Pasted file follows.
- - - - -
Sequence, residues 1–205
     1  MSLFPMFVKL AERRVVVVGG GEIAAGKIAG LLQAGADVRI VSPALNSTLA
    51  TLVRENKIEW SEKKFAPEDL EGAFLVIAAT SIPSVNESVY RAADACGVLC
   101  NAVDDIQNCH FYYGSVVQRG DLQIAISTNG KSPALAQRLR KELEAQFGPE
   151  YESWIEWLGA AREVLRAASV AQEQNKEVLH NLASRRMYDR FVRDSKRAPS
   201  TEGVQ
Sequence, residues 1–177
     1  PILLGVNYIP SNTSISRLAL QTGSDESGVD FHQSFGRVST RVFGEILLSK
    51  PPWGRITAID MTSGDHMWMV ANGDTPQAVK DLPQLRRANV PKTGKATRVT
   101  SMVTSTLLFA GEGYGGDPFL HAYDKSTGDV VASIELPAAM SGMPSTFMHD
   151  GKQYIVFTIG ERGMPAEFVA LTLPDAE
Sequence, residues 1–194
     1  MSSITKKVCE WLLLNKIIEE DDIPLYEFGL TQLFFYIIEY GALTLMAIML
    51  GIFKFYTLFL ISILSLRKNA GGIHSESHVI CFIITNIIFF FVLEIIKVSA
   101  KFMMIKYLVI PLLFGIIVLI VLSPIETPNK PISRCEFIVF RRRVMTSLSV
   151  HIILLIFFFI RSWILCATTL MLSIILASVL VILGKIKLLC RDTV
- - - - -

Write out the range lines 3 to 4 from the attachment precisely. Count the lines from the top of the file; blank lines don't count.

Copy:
    51  TLVRENKIEW SEKKFAPEDL EGAFLVIAAT SIPSVNESVY RAADACGVLC
   101  NAVDDIQNCH FYYGSVVQRG DLQIAISTNG KSPALAQRLR KELEAQFGPE